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Ireland v New Zealand: Expect another Black day


Ulster's Stephen Ferris is in the back row and skipper Brian O'Driscoll resumes his centre partnership with Gordon D'arcy

Ulster's Stephen Ferris is in the back row and skipper Brian O'Driscoll resumes his centre partnership with Gordon D'arcy

©INPHO/Billy Stickland

Ulster's Stephen Ferris is in the back row and skipper Brian O'Driscoll resumes his centre partnership with Gordon D'arcy

History will be made tomorrow evening at the Aviva Stadium where at least two things are guaranteed.

Firstly, after two disappointingly small attendances for the visits of South Africa and Samoa, tomorrow will see the biggest crowd yet to have watched a rugby international at the new Lansdowne Road complex.

Secondly, the visitors’ captain Richie McCaw and full-back Mils Muliaina make their 93rd Test appearances, and by doing so become the most capped All Blacks of all time.

Last weekend at Murrayfield the pair equalled former All Blacks captain Sean Fitzpatrick's record of 92 caps. Now they surpass it, with the Dublin crowd being eye witnesses to the special moment.

But while the creation of those records for crowd size and New Zealand caps is assured, the one the crowd would most like to see — namely an Irish victory — most certainly is not.

With Ireland never having beaten New Zealand, home or away, once again those who wear the green shirt know they can write themselves into Irish rugby history — and the annals of the game itself — by finally exorcising that ghost.

Lovely idea, but how probable? Not very, I fear. In the wake of the All Blacks’ demolition of Scotland at Murrayfield last weekend, Graham Henry inadvertently warned Ireland of what to expect.

“One of the aims of this tour is to build the foundations of the team for the future, so there have only been a few changes from the team that beat Scotland.”

Those changes amount to five and they do not appear to have weakened the visitors in the slightest. Quite the opposite. “We were pleased with the physicality and accuracy shown against the Scots and we will look to improve on that this weekend,” Henry added.

His diplomatic postscript was: “However, the team also know they will be up against a very good Irish team which they respect.”

They may well respect Ireland, but I very much doubt they |fear tomorrow’s hosts. And why should they?

No Irish supporter will need to be reminded that back in March unfancied Scotland — whipped 49-3 by the All Blacks in Edinburgh last weekend — won 23-20 in what was Ireland’s final game at Croke Park, thereby denying Declan Kidney’s side back-to-back Triple Crowns.

Add to that the memory of what happened when Ireland then met New Zealand as recently as June 12; the hosts won 66-28.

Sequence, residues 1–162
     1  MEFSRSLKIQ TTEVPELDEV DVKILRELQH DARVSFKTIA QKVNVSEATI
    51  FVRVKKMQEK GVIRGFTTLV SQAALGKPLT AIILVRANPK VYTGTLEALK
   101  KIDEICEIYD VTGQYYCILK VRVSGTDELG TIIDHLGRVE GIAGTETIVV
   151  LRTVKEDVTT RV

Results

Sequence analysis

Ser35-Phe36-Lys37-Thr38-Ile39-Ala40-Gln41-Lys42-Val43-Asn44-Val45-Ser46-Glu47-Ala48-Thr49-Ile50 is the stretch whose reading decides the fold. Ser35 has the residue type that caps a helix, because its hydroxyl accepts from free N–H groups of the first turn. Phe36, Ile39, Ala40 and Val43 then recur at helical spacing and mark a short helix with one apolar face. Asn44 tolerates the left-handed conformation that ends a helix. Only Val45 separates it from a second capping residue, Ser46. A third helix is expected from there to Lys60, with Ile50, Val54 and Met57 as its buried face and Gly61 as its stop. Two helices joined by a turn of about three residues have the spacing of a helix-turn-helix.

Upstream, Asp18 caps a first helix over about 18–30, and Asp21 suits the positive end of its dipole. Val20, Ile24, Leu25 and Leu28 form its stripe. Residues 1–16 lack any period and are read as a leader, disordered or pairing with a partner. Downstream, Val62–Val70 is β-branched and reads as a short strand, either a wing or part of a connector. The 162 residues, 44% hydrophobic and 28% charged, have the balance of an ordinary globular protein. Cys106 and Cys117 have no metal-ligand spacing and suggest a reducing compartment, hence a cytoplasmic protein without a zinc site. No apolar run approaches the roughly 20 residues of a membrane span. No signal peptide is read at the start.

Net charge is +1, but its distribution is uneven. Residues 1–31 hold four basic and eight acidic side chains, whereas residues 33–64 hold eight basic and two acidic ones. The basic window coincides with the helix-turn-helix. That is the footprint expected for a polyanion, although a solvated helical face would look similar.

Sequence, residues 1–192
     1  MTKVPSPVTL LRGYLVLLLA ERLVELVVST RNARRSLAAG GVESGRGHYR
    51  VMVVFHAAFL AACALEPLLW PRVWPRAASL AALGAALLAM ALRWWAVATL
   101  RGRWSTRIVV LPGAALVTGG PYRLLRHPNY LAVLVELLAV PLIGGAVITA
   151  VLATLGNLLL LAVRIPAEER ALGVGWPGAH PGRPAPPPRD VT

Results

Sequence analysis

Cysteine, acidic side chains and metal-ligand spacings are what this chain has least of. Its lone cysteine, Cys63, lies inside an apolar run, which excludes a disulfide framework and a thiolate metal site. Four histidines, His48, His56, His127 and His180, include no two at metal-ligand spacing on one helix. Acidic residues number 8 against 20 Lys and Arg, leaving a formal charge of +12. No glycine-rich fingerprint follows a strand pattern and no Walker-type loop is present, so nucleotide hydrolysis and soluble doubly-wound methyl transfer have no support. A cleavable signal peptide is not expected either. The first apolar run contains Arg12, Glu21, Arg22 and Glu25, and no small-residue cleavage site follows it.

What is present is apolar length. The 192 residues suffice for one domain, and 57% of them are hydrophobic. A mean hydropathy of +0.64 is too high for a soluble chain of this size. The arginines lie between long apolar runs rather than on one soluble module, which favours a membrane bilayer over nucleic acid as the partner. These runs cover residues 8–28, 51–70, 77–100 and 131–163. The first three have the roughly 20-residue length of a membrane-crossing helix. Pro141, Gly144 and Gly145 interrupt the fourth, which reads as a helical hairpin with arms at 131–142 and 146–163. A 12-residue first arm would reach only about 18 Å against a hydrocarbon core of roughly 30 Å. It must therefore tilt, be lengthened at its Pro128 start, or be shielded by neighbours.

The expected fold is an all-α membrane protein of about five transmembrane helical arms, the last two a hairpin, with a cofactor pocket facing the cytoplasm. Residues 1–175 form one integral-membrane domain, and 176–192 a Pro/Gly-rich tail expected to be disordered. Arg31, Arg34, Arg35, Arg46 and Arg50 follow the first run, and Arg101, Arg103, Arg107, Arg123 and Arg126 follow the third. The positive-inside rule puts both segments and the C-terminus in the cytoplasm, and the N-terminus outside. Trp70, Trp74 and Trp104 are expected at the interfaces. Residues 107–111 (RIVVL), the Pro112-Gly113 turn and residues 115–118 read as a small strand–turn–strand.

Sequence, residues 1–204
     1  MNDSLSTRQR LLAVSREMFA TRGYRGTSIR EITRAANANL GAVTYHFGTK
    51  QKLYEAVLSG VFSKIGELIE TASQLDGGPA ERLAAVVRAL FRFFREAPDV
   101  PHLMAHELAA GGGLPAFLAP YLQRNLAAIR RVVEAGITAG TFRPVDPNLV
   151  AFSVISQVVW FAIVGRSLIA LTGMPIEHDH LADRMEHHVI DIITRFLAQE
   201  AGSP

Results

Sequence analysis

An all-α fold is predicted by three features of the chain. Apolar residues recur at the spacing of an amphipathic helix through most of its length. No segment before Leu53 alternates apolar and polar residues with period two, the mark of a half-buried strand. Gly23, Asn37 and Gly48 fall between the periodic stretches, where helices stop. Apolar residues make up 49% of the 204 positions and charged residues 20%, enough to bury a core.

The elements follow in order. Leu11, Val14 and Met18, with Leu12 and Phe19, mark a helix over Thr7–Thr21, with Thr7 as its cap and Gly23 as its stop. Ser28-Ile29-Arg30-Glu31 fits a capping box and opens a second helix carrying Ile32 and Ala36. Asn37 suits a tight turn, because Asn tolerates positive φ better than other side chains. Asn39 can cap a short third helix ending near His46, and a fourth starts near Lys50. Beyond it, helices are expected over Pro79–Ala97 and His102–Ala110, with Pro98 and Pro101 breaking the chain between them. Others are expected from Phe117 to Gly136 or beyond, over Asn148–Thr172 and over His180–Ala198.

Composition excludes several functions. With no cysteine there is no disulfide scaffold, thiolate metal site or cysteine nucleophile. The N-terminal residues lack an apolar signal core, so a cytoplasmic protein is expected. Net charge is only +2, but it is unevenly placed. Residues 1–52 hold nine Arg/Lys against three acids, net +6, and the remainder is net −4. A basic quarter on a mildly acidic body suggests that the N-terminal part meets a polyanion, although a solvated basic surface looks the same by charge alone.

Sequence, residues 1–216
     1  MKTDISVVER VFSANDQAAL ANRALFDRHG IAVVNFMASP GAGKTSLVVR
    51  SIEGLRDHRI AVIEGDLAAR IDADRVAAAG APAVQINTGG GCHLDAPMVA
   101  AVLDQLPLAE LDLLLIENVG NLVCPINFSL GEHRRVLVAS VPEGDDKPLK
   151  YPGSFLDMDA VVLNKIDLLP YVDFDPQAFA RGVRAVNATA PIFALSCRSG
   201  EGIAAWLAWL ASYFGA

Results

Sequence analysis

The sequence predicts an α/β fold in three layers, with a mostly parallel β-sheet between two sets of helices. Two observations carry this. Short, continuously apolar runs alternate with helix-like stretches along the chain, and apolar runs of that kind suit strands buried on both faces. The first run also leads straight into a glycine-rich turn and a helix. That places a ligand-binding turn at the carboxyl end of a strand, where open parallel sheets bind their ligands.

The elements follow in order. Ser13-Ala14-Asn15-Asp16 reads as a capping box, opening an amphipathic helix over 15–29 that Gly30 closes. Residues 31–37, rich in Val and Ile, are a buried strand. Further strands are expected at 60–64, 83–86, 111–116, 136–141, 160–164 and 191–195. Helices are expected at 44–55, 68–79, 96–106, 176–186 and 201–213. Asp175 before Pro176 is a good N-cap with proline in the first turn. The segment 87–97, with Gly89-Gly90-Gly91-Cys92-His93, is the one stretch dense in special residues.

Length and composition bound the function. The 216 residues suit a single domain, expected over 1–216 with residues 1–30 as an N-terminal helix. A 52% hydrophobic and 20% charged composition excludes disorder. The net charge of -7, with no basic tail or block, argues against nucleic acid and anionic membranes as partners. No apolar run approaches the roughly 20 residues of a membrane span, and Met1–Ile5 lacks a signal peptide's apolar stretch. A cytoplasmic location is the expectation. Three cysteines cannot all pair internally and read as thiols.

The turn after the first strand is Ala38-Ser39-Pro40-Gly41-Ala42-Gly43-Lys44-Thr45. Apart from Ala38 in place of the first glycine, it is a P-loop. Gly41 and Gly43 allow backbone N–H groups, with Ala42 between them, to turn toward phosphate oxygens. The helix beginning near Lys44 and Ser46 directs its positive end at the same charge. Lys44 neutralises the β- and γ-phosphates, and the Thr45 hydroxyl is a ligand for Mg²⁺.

The combined effect of those two results is a decidedly uncomfortable feeling going into tomorrow’s showdown.

Ireland have made 11 changes to the side which started against Samoa last weekend.

Tommy Bowe is the only non-Leinster player in the back line. Fit-again Rob Kearney returns at full-back with Luke Fitzgerald moving to the left wing, while Gordon D'Arcy resumes his provincial partnership alongside skipper Brian O'Driscoll. None of those selections will have raised any eyebrows or caused any real surprise.

The half-backs issue was less clear-cut though, with Munster veterans Peter Stringer and Ronan O’Gara having played their way back into the reckoning by virtue of their final-quarter appearances against the Springboks followed by inclusion from the start against Samoa.

But for this, the big one, Leinster duo Eoin Reddan and Jonathan Sexton got the nod, just as they did for the South Africa Test a fortnight ago.

In fact, the entire back line is the same as started against the Springboks. But guess the channel for which McCaw and co will be aiming tomorrow evening?

Ulster provide four of the eight forwards, with Tom Court’s promotion to tight head starter suggesting that Ireland finally have begun to recognise his potential at number three, where he has done well when switched to that side of the scrum in each of the past two outings.

He packs down alongside Ulster colleague Rory Best, with Cian Healy completing the front row.

For my money, this is Ireland’s best front three and if they manage to perform as a unit against Tony Woodcock, Hikawera Elliot and Owen Franks they will do themselves a huge favour going into a World Cup year.

Munster mates Donncha O'Callaghan and Mick O'Driscoll are together in the second row, which is rough on Devin Toner. True, Ireland may be wary of including the 6ft 10ins Leinster lock given that he won his first cap last weekend. But New Zealand hooker Elliot is in a similar situation and they have not baulked at giving him a second outing.

The back row features a man from each of Ireland’s three premier provinces — Ulster’s Stephen Ferris, Munster’s David Wallace and Leinster’s Jamie Heaslip.

Is this a side likely to create history? Don’t think so, sadly.

IRELAND: Robert Kearney; Tommy Bowe, Brian O’Driscoll (captain), Gordon D’Arcy, Luke Fitzgerald; Jonathan Sexton, Eoin Reddan; Cian Healy, Rory Best, Tom Court; Donncha O’Callaghan, Mick O’Driscoll; Stephen Ferris, David Wallace, Jamie Heaslip

Replacements: Sean Cronin, John Hayes, Devin Toner, Denis Leamy, Peter Stringer, Ronan O’Gara, Keith Earls

NEW ZEALAND: Mils Muliaina; Cory Jane, Conrad Smith, Ma’a Nonu, Hosea Gear; Dan Carter, Andy Ellis; Tony Woodcock, Hikawera Elliot, Owen Franks; Brad Thorn, Tom Donnelly; Jerome Kaino, Richie McCaw (captain), Kieran Read

Replacements: Andrew Hore, John Afoa, Anthony Boric, Liam Messam, Alby Mathewson, Stephen Donald, Sonny Bill Williams.

Belfast Telegraph